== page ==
2. Diane Bell, Hilton Head Real Estate, Bluffton 01/30/2009 10:52 AM
  3. Shari Evans 01/31/2009 06:08 AM

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Jerry Murphy, CRS, SRES
Long Realty West Valley - Anthem, AZ
Anthem, Phoenix, and Scottsdale AZ Real Estate

Many years ago I would have agreed with you Tim about letting the free market handle this situation.  But the problem is to deep, too systemic, and has the potential to lead to a cataclysim collapse in the global economy that would probably take a decade to correct.  For those who don't think that's possible, look at Japan in the 90's.  In Econ 101 we learn that yes, the free market often is best left to its own devices.  BUT in times of crises, such as this, when the private sector is not investing money into the markets the only entity that has the resources to inject into the economy IS the government.  The government is and always has been a part of our government.  It's duty is not only to protect the citizens from physical harm but also other calamities.  And this is a calamity.  If the government doesn't intercede and try to establish SOME type of floor to this market values will only continue to deterioriate, people will continue to lose jobs, businesses will close, leading to further job loses, and so on and so on.  Good post. Best of luck in '09.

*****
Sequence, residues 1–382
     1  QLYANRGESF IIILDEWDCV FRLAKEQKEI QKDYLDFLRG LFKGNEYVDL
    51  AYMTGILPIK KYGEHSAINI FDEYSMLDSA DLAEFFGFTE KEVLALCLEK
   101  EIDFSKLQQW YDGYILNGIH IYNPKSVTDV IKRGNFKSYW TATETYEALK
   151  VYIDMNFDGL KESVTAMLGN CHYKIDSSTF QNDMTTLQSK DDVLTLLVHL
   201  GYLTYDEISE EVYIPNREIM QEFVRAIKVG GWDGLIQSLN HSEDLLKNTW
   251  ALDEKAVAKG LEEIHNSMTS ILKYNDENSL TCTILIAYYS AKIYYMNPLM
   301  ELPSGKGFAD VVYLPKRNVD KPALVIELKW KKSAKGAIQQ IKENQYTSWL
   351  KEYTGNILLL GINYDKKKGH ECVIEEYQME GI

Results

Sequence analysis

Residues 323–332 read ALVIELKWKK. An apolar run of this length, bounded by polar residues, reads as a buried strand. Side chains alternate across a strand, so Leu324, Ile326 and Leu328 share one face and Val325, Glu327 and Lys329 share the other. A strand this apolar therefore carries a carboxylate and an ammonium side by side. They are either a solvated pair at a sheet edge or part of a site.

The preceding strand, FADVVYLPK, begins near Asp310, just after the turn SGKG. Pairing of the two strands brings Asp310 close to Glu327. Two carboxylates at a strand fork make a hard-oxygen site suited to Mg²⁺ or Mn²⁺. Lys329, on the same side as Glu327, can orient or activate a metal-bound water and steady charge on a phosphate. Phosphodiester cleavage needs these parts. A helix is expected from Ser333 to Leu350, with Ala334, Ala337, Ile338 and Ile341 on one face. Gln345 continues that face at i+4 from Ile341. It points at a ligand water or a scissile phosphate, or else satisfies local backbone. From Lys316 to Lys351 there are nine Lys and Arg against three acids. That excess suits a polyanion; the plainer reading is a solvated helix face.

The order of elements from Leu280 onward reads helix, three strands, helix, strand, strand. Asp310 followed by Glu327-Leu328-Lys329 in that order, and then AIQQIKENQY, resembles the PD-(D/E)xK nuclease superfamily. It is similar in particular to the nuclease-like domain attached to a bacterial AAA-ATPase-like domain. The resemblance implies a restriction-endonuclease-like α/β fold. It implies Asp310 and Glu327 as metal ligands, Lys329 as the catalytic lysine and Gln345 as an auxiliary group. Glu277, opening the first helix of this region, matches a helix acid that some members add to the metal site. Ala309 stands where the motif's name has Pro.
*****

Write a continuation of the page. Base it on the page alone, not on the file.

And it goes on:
Jan 30, 2009 10:14 AM #25
Stephen Butler
RE/MAX CENTRAL - Las Vegas - Las Vegas, NV

One problem is trying to come up with a single "cookie cutter" solution for every problem.  From what I am seeing, every potential foreclosure is different and cannot all be handled with the same simple solution. 

For many, foreclosure or a short sale are the only reasonable solution and while most of those should have the deficiency written off, some should have a deficiency judgment against them.  Some would be more than happy to stay in a home that they are upside down if they were only able to get minor restructuring assisting from the lenders.  I am seeing little if any flexibility from the banks to tailor a program to the individual situation and I am not sure the lenders personnel are capable of doing so.